I spend a lot of time staring at my skis. On the chairlift they’re always in the periphery, kicking slowly as I chat and heckle skiers under the lift. On the skin track I’ve spent countless hours lost in my topsheets, only looking up for kick turns. To a casual onlooker, they’re pretty simple, some graphic art on top of a sandwich of wood, fiberglass and plastic. A little steel, maybe some carbon, and a bunch of epoxy. Just inanimate objects. But they all carry a history, and it’s hard to separate the baggage from the physical manifestation.

Good skis are an expression of art. We all know the classics, the Pollard skis (green tree SFB will always be my favorite), the Bentchetlers, evolving and maturing in style, Schmies, weaving his mad tales across scores of classic skis, and of course, the Moment Bibby saga. But topsheet art is just the obvious tip of the much larger iceberg.

Every tiny aspect of a ski’s design and construction adds up to the sum whole of the experience it delivers. A well-designed ski delivers that experience through every turn. I’m a little burnt out on slo-mo shots of Pollard shaping surfboards in a dimly lit garage, but if that’s what it takes for his skis to feel as fun as they do, I’m in. Ski builders and designers are creating paintbrushes, and then they release thousands of them out into the world for us to spray our grafiti or masterpieces all over the mountains.

And beyond that, the athletes on a ski shape our perception of it. Would we all have tried a bunch of 180’s into powder if IDEA hadn’t ever come out? How much of the overall Hellbent experience do we have to thank Andy and Pep for? Pollard showed us how to ski a swallowtail. How much of the CRJ’s appeal was thanks to CR? It’s nearly impossible to separate the marketing from our experience, and that’s part of what makes it all so special.

All of that to say, before you’ve even mounted your bindings, skis are a lot more than a sandwich of wood and plastic.

Some of it comes from the investment, time and money, lusting after skis for so long, saving up for them, watching every edit, reading every review that they’re featured in. But most of it comes from the experiences skis help deliver.

I remember so clearly the first time I got an actual, real face shot without trying, just made a turn on a deep day, blasted out of it blind with unexpected euphoria. I remember glancing down at my skis, shocked, stoked that they’d helped make that happen. Later, someone didn’t close the rack after they took their snowboard out, and they flew off the car on the highway, exploding a binding and snapping a core. I kept them for four more years, displaying them prominently in every house I lived in.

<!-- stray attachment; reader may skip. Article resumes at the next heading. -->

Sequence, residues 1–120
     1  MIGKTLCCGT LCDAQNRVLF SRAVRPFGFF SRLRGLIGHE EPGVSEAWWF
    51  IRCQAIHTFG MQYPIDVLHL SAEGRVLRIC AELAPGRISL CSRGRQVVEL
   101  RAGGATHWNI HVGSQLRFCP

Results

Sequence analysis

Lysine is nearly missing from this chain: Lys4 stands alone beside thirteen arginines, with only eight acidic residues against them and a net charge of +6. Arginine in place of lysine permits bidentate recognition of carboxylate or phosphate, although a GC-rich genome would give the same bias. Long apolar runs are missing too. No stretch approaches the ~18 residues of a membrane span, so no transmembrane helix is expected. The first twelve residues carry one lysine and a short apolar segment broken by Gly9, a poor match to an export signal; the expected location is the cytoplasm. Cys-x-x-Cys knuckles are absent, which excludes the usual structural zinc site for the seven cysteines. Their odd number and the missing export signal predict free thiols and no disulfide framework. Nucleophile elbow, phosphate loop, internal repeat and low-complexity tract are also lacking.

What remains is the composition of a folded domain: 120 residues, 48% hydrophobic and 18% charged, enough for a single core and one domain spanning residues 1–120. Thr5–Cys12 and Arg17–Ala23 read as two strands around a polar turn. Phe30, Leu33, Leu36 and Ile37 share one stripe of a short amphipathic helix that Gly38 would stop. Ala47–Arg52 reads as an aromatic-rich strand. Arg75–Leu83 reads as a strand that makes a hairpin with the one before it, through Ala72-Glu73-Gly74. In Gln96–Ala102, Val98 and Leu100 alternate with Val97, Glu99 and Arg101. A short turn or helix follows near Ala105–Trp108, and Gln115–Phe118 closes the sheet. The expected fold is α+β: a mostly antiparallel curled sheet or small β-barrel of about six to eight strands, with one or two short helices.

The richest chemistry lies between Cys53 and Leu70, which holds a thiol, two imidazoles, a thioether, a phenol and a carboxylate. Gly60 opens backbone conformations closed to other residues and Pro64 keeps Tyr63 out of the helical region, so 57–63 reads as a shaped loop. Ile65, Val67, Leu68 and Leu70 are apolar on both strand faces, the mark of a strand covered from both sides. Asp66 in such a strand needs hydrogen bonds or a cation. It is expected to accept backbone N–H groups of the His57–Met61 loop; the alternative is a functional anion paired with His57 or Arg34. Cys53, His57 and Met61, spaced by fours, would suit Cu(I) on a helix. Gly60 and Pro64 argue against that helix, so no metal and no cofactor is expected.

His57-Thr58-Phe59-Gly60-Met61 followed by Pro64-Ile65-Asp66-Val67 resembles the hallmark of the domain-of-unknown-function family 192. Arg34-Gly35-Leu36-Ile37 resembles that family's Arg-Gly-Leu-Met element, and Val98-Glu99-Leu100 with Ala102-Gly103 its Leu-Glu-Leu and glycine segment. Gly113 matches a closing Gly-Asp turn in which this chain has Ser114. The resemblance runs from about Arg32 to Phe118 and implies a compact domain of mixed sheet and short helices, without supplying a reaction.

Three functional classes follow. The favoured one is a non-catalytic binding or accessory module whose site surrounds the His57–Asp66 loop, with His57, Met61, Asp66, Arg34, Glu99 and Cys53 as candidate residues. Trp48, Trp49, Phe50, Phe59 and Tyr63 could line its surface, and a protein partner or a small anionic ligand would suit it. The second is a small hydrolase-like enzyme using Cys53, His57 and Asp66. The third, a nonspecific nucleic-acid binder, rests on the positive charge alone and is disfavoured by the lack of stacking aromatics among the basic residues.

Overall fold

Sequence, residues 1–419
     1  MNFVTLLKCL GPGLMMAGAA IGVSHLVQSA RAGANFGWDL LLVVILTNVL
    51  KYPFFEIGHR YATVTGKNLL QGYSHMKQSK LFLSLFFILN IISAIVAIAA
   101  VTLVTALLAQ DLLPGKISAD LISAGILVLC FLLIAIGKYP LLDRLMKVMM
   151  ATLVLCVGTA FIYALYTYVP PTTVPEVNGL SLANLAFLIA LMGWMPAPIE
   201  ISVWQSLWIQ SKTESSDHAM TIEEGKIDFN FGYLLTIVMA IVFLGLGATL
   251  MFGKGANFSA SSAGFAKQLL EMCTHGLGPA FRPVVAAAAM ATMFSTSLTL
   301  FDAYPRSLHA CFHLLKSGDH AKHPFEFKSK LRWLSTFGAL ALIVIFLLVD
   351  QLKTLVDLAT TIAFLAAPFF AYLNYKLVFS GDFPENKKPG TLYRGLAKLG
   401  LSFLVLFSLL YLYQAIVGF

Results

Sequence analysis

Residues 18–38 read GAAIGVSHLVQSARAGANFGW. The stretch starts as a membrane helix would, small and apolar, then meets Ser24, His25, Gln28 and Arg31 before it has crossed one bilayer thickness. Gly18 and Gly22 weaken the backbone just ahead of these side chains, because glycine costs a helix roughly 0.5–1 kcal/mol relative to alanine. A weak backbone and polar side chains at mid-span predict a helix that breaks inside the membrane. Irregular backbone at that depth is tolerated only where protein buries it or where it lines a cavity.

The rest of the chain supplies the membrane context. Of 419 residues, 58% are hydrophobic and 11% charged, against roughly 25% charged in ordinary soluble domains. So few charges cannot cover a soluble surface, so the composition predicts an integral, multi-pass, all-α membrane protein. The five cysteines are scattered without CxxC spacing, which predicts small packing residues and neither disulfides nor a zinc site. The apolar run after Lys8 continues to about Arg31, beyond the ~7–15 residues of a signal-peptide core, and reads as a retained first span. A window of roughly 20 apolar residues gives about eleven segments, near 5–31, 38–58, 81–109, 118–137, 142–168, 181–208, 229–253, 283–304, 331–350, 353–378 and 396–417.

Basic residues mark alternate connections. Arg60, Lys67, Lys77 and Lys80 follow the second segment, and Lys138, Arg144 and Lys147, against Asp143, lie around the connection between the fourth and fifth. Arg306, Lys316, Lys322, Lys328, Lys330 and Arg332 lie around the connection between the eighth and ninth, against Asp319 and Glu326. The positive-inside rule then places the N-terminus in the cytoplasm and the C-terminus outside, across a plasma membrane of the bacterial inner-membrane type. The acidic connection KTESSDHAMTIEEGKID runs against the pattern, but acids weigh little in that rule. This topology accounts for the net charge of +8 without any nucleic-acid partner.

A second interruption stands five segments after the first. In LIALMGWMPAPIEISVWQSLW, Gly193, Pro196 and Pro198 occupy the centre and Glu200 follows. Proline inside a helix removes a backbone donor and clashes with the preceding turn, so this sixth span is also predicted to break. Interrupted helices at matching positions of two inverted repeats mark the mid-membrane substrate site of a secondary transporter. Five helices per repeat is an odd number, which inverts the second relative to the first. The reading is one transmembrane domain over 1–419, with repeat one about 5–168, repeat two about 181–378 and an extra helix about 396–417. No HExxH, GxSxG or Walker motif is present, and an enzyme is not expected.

I have a pair of Shreditor 112’s that came with me on my first trip to the Tetons, my first backflip, my first trip to Whistler, my first backcountry tour, my first solo tour, my first ski mountaineering day. I remember so clearly the three times I got in over my head on them, staring down past their topsheets on top of cliffs, wondering if I was going to die. Those images burn starkly in my mind. Now they’re beat up, riddled with core shots, too many mounting holes, but they’re still in the garage, waiting for the day when I can build a proper shrine to display them.

My first roommate in the Tetons had an old pair of PB&J’s on the wall, still stickered up. They carried the same weight for him, were full of memories, reminders of a different life in a different place.

Good apres bars always have ski decor, usually with some epic story behind them.

The shop I frequent has a pair of Tanner Hall’s skis displayed prominently, relics of some video part. You can look it up, go watch them smash pillows. They’re relics of a moment.

I almost feel like I should have a little checklist Sharpied onto the topsheet of my current touring skis: they’ve logged more summits and new descents and powder turns and technical lines than all my other pairs combined. Just a year in I’m already losing track of how many incredible days they’ve accompanied me on. They’re still going strong but when I finally replace them, they’ll live on the wall, reminders of that one day on the Middle Teton, that time it was just too deep Mail Cabin, that time we skied the Sliver, all the times, all the turns.

Drive through any mountain town and you’ll probably run into a ski fence or two. Every pair mounted there has a history, can trigger some fond reminiscence of long ago turns. Some folks prefer to cut their skis up, to make chairs out of them, or wine racks, repurposing them practically while still preserving the nostalgia. Me? I’m a wall ski guy. Mount them there between a pair of nails, somewhere where I can sit back and stare at them and let the memories gush over me. Sure, there’s some wood and plastic in there, but there’s a whole lot more than meets the eye.